Sunday, November 22, 2009

BS Check!

The State of Tennessee has instituted several tort reforms in the area of medmal. The two big ones are that plaintiff attorneys must file a pre-suit notice and the have a certificate of good faith from a physician that attestst that there was a possible deviation of the standard of care (BS check!). Tennessee saw a huge rush of suits filed before the law went into effect. Since the law has been effect however, medmal suit filings have dropped 65%. John Day at Dayontorts ( has a great piece on it. In my little group of docs, most of carry malpractice insurance because we want patients who are harmed because we screw up to be taken care of. What we dont want is to be dragged into court because we are seen as a cash cow for some plaintiff and their attorney who figure that all they have to do is be a big enough pain in the neck to get some money. I think it will be interesting to see what the effects are of these reforms. Will the number of judgements against physicians be the same? What will be the total defense costs? I hope that injured patients get what they deserve and frivoulous filing attorneys get what they deserve.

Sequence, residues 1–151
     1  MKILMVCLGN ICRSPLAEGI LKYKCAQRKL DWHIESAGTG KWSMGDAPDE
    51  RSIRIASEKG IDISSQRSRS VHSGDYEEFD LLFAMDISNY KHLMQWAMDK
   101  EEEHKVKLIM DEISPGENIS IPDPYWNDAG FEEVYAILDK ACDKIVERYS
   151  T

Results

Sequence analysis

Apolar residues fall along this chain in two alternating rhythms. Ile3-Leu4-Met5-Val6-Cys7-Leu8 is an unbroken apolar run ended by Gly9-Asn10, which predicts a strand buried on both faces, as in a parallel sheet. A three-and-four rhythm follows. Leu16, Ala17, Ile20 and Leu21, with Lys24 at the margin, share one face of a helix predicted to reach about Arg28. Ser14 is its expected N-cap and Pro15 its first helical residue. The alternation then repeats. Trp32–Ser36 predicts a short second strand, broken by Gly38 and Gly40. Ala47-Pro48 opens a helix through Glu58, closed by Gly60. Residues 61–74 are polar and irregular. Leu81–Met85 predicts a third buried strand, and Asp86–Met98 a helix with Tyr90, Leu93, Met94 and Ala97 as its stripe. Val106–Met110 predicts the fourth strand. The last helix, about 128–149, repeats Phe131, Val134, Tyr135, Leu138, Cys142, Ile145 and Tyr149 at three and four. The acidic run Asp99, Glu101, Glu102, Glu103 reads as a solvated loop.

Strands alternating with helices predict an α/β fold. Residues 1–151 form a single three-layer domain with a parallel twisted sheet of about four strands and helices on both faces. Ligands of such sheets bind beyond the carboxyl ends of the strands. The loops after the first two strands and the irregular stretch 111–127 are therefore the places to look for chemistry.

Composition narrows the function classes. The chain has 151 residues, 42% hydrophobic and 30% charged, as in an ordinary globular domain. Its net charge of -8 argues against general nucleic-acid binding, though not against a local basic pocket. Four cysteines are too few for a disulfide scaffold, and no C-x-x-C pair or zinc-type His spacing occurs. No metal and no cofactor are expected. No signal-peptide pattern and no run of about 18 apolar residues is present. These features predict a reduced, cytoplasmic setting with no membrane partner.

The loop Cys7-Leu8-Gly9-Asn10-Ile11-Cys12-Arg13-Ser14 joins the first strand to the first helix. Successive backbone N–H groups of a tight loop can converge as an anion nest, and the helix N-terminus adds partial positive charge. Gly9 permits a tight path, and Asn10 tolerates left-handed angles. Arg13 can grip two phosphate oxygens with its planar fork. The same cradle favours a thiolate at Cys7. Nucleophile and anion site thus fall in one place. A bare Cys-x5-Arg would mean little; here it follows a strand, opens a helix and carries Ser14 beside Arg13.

SeaSpray said...

Great post!

"medmal suit filings have dropped 65%"

65% is high! If I am understanding this correctly ..then it would seem to be a success and perhaps this is the kind of thing our government should be looking at ..although I did hear a rumor that they were in bed with the lawyers against tort reform. Didn't they strike a deal behind nontransparent closed doors?

Correct me if I am wrong.

PlanetaryGear said...

That number is including the huge number of filings that were rushed in to get in before the new law passed, obviously because they realized they would get tossed out by the new rules. Further down they say without that it looks more like 32% or better. Which is still highly significant. Sounds like an excellent way to reduce the most stupid of the abuse without reducing a persons access to redress if there really were something wrong.

Now why can't we have something like that in all those 2500 pages in washington right now? Oh yea, cause there is nothing there that even vaguely resembles reform...